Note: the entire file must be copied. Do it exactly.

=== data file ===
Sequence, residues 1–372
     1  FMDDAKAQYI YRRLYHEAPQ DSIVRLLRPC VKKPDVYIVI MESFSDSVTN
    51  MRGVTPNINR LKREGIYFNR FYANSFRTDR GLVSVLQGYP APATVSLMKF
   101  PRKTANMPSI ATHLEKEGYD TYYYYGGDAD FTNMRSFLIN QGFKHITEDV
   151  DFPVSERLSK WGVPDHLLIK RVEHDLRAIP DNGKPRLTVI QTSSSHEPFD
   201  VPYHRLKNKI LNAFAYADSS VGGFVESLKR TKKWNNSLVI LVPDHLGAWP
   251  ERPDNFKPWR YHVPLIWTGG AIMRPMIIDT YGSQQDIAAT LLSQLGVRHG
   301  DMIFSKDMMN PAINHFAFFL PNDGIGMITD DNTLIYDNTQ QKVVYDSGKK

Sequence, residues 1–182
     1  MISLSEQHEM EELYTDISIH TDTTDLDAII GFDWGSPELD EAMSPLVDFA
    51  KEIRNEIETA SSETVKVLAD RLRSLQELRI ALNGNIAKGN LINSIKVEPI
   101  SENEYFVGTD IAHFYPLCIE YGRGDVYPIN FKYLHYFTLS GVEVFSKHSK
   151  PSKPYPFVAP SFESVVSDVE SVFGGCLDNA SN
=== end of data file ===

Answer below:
Sequence, residues 1–372
     1  FMDDAKAQYI YRRLYHEAPQ DSIVRLLRPC VKKPDVYIVI MESFSDSVTN
    51  MRGVTPNINR LKREGIYFNR FYANSFRTDR GLVSVLQGYP APATVSLMKF
   101  PRKTANMPSI ATHLEKEGYD TYYYYGGDAD FTNMRSFLIN QGFKHITEDV
   151  DFPVSERLSK WGVPDHLLIK RVEHDLRAIP DNGKPRLTVI QTSSSHEPFD
   201  VPYHRLKNKI LNAFAYADSS VGGFVESLKR TKKWNNSLVI LVPDHLGAWP
   251  ERPDNFKPWR YHVPLIWTGG AIMRPMIIDT YGSQQDIAAT LLSQLGVRHG
   301  DMIFSKDMMN PAINHFAFFL PNDGIGMITD DNTLIYDNTQ QKVVYDSGKK

Sequence, residues 1–182
     1  MISLSEQHEM EELYTDISIH TDTTDLDAII GFDWGSPELD EAMSPLVDFA
    51  KEIRNEIETA SSETVKVLAD RLRSLQELRI ALNGNIAKGN LINSIKVEPI
   101  SENEYFVGTD IAHFYPLCIE YGRGDVYPIN FKYLHYFTLS GVEVFSKHSK
   151  PSKPYPFVAP SFESVVSDVE SVFGGCLDNA SN